Crossovers seed-funding competition 2013

Over the last few months in EDReC, we’ve been working with Arts Council England South-East on a project called Crossovers.  The project aimed to explore new relationships between culture, tourism and economic development.  In the Spring, we’ll be publishing a report on the ‘cultural visitor economy’ (CVE).

We held a conference in September 2012 and one of the things that happened on the day was that participants came up with new project ideas – we agreed to seed-fund two of them.

One of the Crossovers logos
One of the Crossovers logos

This year we’re offering two more grants of £1,500 to new projects in the south-east of England that address our key themes: culture, the visitor economy and economic development.

Do you have an idea for a new creative project in the visitor economy?

Have you been thinking about how to bring more tourists to your area using the arts?

Have you been discussing how your cultural project can contribute to your local economy?

We want to see this money being used to kick start innovative projects in the south-east of England.  We don’t want to give you a burden of paperwork that takes up your time when you could be busier doing more creative, effective things.

Using funding from Arts Council England South East, we’ve created a process in which you can enter the competition quickly, with the minimum of form filling, and then, if you win, you can get on with getting your project going.

Here’s how you enter:

Fill in this form

Return it, by email to by the 1st February 2013

We will make a decision about the two projects that best help us to support new relationships between tourism, culture and economic development in the south-east, and we’ll announce this on 11th February.


Social media and tourism marketing: Margate vs. Easyjet

Last week, I posted a photo on twitter. I took it on a Southeastern train that was going from London to Kent. This is the photo:


Within an hour or so, my tweet was being re-tweeted and the photo was popping up on twitter and Facebook. When I woke up the next day, it was appearing on blogs and I was being emailed by journalists to ask for more details.

This advert provoked strong reactions for a few reasons:

  • Easyjet were suggesting that Margate was a second-class destination, that you wouldn’t go to unless it was all you could afford.
  • Margate has been undergoing huge developments, not least the opening of turner contemporary. It was recently voted one of the top must-see destinations in the world by Rough Guides. Easyjet seemed to be ignorant of this or, worse, deliberately mis-representing the destination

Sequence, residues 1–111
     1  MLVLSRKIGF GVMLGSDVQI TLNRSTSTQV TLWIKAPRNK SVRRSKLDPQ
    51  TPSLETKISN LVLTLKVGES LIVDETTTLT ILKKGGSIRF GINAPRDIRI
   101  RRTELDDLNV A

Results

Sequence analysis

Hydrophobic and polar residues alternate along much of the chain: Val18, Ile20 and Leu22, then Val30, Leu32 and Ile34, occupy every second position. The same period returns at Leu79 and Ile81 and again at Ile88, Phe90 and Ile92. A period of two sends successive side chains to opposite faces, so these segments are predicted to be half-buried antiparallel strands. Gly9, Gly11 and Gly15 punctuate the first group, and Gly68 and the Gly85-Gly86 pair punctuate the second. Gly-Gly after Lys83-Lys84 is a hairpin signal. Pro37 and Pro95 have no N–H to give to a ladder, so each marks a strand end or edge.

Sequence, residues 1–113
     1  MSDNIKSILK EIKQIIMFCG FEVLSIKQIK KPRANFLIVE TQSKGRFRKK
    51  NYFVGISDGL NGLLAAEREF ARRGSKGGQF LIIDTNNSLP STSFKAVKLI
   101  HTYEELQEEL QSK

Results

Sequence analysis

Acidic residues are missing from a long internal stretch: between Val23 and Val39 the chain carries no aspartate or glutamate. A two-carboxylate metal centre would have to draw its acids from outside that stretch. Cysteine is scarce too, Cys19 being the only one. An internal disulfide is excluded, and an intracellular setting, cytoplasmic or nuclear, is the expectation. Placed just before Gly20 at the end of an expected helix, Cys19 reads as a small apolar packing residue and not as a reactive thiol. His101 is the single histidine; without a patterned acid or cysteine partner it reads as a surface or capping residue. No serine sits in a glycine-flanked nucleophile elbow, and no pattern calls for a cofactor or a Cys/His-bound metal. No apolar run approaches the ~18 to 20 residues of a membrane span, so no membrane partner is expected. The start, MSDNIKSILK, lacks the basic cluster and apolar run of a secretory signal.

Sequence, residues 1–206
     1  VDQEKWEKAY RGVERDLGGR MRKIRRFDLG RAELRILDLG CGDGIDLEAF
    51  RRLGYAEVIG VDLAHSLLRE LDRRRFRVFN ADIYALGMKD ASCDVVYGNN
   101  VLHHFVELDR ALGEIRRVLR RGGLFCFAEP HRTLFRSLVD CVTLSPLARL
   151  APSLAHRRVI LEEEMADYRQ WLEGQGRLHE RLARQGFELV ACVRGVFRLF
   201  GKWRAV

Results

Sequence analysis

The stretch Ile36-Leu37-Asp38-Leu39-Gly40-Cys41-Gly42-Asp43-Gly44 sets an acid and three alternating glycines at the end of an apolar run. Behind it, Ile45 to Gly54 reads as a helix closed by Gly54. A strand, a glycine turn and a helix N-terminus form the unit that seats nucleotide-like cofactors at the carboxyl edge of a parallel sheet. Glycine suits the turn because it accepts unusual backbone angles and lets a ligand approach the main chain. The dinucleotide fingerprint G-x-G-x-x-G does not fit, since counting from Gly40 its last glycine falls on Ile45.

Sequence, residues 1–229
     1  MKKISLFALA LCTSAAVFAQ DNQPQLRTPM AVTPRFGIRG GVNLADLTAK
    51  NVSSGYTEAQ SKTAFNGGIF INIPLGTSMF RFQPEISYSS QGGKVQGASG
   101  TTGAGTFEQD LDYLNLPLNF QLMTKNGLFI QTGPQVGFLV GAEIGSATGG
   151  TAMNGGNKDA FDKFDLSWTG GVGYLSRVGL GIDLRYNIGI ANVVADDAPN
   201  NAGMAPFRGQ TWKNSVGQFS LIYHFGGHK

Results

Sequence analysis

• The advert was placed on a train that served the destination that it was insulting.  This last point isn’t really an objection to Easyjet, but to Southeastern Trains.  They have been supporters of Visit Kent, the DMO for the region, but they have also recently supported the regeneration of Margate through their high-profile PR link-up with Margate’s Mary Portas-supported town centre revival project.

Over the course of a few days on twitter, the extent of public anger about this advertising campaign was made clear to Easyjet.  Margate’s Mayor used twitter particularly effectively to complain to the airline.

On Monday, Easyjet formally apologised and withdrew the campaign.  This was reported locally, but also nationally, in the Independent and Telegraph newspapers and on the ITV news website.

This is a fascinating example of how communities in tourism destinations can influence how they are perceived and marketed, thanks to the power of social media and the access that this gives communities to the media and tourism businesses.  Admittedly, this kind of negative advertising is quite rare.  In fact, it most closely resembles the kind of comparative tourism marketing that helped to kill off towns like Margate in the 1960s, when English tourists were first shown the delights of Sun, Sand and Sangria.

Local gourmet Pizza company, GB Pizza, came up with this witty response to Easyjet’s campaign, I wonder how far we agree?